Whenever I hear anyone say that they were poor as a child but didn’t realize it because they were surrounded by so much love, I don’t believe it. It’s a beautiful sentiment, but how could you not know? I was also raised in a poor but loving household and was well aware of it every day. And, on the off chance I might happen to forget for a moment, there was always a rich kid, usually a cheerleader with a cute button nose and the bosom of a 20-year-old Playboy bunny, who was more than happy to jog my memory.
Love is a beautiful thing, but it doesn’t make you not hungry or forget that you’re wearing hand-me-downs and that your mom, who isn’t a beauty operator, cuts your hair. I’m not saying I wasn’t happy; I’m just saying that I knew. But perhaps it isn’t fair to judge since, unlike myself, not everyone has been fifty years old since they were seven.
As a single parent and sole provider, my mother made sure her children never went without basic necessities, but there wasn’t much “extra” anything at our house. I suppose I could say there was “extra love,” but that would sound just as ridiculous as someone saying they didn’t realize they were poor despite having worn milk cartons as snowshoes.
The one thing that my mom rarely said no to when it came to spending money was books. She’s an avid reader, and it is from her that I inherited my passion for reading. I adore books: the way they look and feel and especially how old ones smell when you fan their yellowing pages under your nose.
When I get a new book, my ritual is the same today as when I was a little girl. First, it’s gets set somewhere in plain sight, usually on the coffee table. I want to be able to see it but won’t read it right away. It’s fun knowing that it’s there, waiting.
When the anticipation becomes too much, the front and the back cover get read. Then, if there’s a dust cover, I read the inside flaps with the information about the author. Most times, it’s boring stuff like how they reside in North Carolina with their spouse and a parrot, both of which are named Hank. But sometimes it’s about their work process and cool facts like how they hated crying babies and mainly survived on hamburger meat, green peas, and coffee – that was Will Cuppy. He wrote a weekly column for the New York Herald in the 1930s and one of my all-time favorite books, The Decline and Fall of Practically Everybody. A hilariously wry book of stories where he humbles historical figures like William The Conqueror and Lucrezia Borgia. Who doesn’t enjoy a funny Lucrezia Borgia story, for crying out loud?
I then read the page that lists any other books the author has written and think, “If I like this one, maybe I’ll read one of those. But what if I do and it’s not as good? That would be sad. So, maybe I won’t. Relax, Pedigo, you don’t have to decide right now.”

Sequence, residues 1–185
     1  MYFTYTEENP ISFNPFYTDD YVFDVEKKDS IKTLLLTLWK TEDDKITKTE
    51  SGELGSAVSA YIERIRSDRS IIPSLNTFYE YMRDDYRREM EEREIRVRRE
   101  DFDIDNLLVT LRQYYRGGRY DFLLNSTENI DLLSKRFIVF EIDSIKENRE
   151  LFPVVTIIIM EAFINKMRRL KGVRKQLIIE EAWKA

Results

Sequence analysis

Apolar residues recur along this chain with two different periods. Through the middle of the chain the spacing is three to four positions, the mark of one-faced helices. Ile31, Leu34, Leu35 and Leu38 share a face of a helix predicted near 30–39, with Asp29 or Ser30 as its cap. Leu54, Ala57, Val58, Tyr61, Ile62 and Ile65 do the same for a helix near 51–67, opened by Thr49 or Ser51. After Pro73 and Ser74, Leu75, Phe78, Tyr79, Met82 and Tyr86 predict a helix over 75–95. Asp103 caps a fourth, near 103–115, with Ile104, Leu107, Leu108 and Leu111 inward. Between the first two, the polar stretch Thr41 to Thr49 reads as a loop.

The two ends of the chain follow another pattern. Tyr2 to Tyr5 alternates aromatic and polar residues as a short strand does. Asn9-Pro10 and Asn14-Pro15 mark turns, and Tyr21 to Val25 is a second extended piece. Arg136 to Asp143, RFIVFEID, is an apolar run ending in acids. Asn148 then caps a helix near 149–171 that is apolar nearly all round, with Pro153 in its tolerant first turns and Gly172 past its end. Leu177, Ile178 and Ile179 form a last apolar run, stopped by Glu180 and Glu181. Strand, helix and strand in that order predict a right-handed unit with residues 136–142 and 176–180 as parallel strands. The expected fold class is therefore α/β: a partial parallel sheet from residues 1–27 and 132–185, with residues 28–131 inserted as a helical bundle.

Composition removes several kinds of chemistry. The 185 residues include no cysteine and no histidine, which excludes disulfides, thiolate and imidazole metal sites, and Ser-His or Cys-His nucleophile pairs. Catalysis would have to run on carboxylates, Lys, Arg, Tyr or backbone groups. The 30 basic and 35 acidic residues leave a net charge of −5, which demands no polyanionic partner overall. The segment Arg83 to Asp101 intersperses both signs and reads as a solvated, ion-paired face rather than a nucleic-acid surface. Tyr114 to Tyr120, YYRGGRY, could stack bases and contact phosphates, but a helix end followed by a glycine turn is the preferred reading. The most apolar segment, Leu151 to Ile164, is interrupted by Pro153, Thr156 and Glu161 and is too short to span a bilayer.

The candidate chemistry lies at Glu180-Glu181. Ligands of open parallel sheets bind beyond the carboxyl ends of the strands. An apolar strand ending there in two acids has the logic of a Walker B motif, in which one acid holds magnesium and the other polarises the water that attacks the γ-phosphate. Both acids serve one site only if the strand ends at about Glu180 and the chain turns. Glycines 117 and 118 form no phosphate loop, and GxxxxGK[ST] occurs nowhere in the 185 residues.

Then next is the one with all of the publishing information on it. Not sure why I read that page. Maybe it’s because sometimes I get to say, “Hmm, I wasn’t even born when this was copywritten. Interesting.”
Even though it isn’t at all interesting.
Then onward to the dedication page, where I’ll ponder if these people truly appreciated the gesture and what they did to deserve it, other than having to live with a moody writer who ate a shitload of green peas.
Then I read the forward unless, of course, it gives too much away, and then I’ll stop and go back and read that after I’m finished to see if I agree with the pompous opinion of the writer of the forward. I usually do.
And, finally, when there has been enough word foreplay and my brain is sufficiently aroused, I will begin chapter one.
Yes, that seems like a lot, I know. But it’s not if you’re a reader because readers are hardcore. We like to read. In the 90s, I continued to work for a comedy club that wouldn’t move me up as a performer or pay me more money, and I did it simply because in the condo, where the comics stayed, there was, for some reason, a collection of The Alphabet Murders by Sue Grafton and I wanted to read them all. Which I did, and then told the club booker that “F is for fuck off.”
It’s hard for me to comprehend when a person says they aren’t a reader. A man once told me that while we were at dinner. He used those exact words, “I am not a reader.” I, was suddenly tired and remembered that I needed to get up early the next morning. Because that’s a deal-breaker for me, I could be attracted to someone who can’t read but not to someone who chooses not to.
Books and being able to escape into their stories are how I survived adolescence. They let me know there was a big colorful world out there, not just the grey one where this misfit kid hung her second-hand hat. It’s why I became a storyteller. I enjoy the thought that maybe one of mine might make someone as happy as the ones I like have made me.